The plasticizer is preferably a liquid and may be a straight or branched chain hydrocarbon based compound containing at least two hydroxyl groups on the carbon skeleton, or it may be water. For example, the plasticizer may be a polyol such as a dihydric alcohol or glycol, a trihydric alcohol or glycol such as glycerol, sorbitol, propylene glycol or water or any combination thereof.
We will now describe various methods of immobilising the plasticizer in more detail.
For gelation of a plasticizer or a plasticizer/water mixture with a gelling agent, examples of suitable gelling agents are agarose, pectin, xanthan gum, agar agar, kappa-carrageenan, sodium alginate and iota-carrageenan. Other suitable gelling agents such as polysaccharides, e.g. glucomannan, may readily be selected by those skilled in the art. The gelling agents may be used individually or in any combination provided a suitably firm gel is formed with the plasticizer or the plasticizer/water mixture.
The plasticizer which is used for gelation is preferably a liquid and may be straight or branched chain hydrocarbon based compound containing at least two hydroxyl groups on the carbon skeleton. For example, the plasticizer may be a polyol such as a dihydric alcohol, a trihydric alcohol such as glycerol, mannitol, sorbitol, propylene glycol or water or any combination thereof.
The plasticizer which is used for gelation may be a dry plasticizer containing no or substantially no water, for instance, less than 2%. The plasticizer/water mixture which is gelled may be a mixture containing up to 95% by weight of water, for example, from 5 to 85% and, if desired, from 10 to 50% by weight of water.
The gelation of the plasticizer may be carried out by a variety of gelation techniques depending on the gelling agent used. For example, ionic gelation is preferred when sodium alginate is the gelling agent. Thermal gelation is preferred in some cases, because it does not require the addition of substances other than the gelling agent.
Thermal gelation may be carried out, for instance, by slowly adding the gelling agent to the plasticizer with agitation below the gelling temperature to form a dispersion, raising the temperature to above the dissolution temperature while maintaining the agitation and then cooling to below the gelling temperature. For example, when the plasticizer is glycerol and the gelling agent is carrageenan, gelling occurs between 80° and 50° C., the temperature is raised to above the dissolution temperature, e.g. from 90°-170° C. and then cooled to below the gelling temperature e.g. ambient temperature. Other ranges would apply to different plasticizer/gelling agent systems which may easily be determined by experimentation or are already known to those skilled in the art.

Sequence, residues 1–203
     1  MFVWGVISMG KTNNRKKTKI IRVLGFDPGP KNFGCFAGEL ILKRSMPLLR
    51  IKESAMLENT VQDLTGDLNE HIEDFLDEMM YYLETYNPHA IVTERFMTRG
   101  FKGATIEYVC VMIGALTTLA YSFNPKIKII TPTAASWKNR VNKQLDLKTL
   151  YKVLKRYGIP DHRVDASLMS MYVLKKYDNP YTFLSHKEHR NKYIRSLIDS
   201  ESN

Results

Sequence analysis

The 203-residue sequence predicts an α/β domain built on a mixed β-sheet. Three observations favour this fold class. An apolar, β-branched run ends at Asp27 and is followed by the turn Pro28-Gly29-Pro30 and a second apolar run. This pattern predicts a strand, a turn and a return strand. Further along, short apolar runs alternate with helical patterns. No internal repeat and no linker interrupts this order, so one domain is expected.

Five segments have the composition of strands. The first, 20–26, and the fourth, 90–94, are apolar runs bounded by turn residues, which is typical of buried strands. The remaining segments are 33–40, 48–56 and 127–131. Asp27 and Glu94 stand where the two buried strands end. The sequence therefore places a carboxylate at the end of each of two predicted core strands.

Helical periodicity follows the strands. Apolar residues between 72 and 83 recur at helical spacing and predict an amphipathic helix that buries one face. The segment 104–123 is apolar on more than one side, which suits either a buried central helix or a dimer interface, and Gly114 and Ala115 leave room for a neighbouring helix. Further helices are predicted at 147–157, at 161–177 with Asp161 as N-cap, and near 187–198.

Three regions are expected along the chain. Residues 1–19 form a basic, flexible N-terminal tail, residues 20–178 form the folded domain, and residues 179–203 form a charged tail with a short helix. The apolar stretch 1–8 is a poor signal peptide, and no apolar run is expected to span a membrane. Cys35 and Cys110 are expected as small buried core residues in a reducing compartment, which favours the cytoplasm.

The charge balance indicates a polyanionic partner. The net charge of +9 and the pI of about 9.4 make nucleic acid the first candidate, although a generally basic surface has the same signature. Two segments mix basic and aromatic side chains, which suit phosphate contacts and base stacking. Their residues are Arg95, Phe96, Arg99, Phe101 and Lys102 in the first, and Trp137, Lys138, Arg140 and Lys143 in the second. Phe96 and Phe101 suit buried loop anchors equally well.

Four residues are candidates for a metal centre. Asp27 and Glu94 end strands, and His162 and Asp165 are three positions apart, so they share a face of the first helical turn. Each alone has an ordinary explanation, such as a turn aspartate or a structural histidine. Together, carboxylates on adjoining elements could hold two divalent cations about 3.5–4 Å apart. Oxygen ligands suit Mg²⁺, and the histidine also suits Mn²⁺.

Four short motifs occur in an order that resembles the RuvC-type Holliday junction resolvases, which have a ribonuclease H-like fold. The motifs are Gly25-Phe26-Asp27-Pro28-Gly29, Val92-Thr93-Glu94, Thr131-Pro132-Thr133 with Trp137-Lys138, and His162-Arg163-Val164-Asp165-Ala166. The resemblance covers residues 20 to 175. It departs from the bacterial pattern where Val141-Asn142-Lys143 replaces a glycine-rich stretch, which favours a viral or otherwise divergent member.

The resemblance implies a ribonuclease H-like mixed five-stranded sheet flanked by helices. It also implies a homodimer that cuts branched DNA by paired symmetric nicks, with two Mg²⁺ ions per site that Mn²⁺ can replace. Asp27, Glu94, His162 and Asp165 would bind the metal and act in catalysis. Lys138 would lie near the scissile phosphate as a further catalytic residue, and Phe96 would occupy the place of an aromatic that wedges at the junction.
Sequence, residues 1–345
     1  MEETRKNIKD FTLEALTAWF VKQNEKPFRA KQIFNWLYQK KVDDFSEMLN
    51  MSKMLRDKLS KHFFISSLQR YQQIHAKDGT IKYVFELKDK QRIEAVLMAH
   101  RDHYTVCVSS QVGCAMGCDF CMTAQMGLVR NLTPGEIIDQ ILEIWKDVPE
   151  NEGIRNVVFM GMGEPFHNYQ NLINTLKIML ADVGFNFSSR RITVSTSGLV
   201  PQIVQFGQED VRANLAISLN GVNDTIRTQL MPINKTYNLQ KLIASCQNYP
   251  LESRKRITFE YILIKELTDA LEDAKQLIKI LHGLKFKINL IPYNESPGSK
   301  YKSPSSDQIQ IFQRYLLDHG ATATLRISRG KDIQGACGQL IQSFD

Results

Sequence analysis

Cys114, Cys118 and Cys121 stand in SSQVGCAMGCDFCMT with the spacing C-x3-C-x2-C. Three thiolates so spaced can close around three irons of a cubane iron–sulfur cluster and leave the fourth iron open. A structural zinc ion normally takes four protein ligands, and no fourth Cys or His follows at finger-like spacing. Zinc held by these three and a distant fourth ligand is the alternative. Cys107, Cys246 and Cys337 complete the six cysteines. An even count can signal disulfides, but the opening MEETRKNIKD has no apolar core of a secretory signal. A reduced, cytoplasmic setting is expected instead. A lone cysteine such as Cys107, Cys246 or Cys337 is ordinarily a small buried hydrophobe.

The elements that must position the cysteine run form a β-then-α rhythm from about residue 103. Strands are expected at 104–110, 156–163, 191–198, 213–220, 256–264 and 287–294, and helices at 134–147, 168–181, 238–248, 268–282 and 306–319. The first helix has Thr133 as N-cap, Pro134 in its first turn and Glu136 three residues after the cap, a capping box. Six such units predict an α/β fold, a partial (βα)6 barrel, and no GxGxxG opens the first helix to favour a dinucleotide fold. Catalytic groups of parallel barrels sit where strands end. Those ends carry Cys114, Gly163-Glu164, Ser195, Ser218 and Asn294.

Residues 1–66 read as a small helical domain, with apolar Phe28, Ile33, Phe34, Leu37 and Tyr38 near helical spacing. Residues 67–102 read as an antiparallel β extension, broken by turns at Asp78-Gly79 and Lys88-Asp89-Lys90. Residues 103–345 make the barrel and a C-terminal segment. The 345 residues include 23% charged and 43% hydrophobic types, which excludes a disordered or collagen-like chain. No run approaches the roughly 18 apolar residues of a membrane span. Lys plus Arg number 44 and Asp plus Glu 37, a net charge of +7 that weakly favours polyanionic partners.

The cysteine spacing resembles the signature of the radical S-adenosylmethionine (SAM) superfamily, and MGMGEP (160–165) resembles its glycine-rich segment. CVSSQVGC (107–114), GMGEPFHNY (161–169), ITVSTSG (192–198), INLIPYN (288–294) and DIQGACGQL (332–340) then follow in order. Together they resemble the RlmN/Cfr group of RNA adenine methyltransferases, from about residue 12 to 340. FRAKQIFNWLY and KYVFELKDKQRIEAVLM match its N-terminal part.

The amount of gelling agent used to form the gel may be from 0.5 to 15%, preferably from 1 to 7% and especially from 1.5 to 5% by weight based on the weight of the plasticiser.
If desired, a gum such as locust bean gum or gum arabic may be incorporated in the plasticiser gel product in which it may decrease syneresis and increase the break strength and resilience of the gel. Advantageously, the gum may be dispersed in the cold solution of the gelling agent in the polyol before gelation. The amount of gum may be up to 10%, preferably from 0.5 to 5% and especially from 1 to 3% by weight based on the weight of the polyol. The gum may conveniently be incorporated by dispersing in the cold dry plasticiser, increasing the temperature to dissolve the gum e.g. from 100° to 130° C. and cooling back to room temperature after which the gelling agent may be added to form the gel, e.g. according to the procedure described above. Other suitable gums will be readily determined by those skilled in the art.
Advantageously, certain food-grade alkali metal or alkaline earth metal salts, or casein may be added to the solution of the gelling agent in the plasticiser before gelation to alter the characteristics of the resultant gel. The alkali metal or alkaline earth metal salt may be for instance a sodium or calcium salt but is preferably less than 1% by weight based on the weight of the plasticiser since amounts substantially greater than 1% may prevent gelation. The amount of casein e.g. as a potassium salt, may vary more widely e.g. up to 20%, e.g. from 3 to 15% by weight based on the weight of plasticiser according to choice. The addition of one or more of the above ingredients may contribute to the overall strength of the gel and this is particularly advantageous when the amount of gelling agent is low e.g. from 0.5 to 1.5% by weight.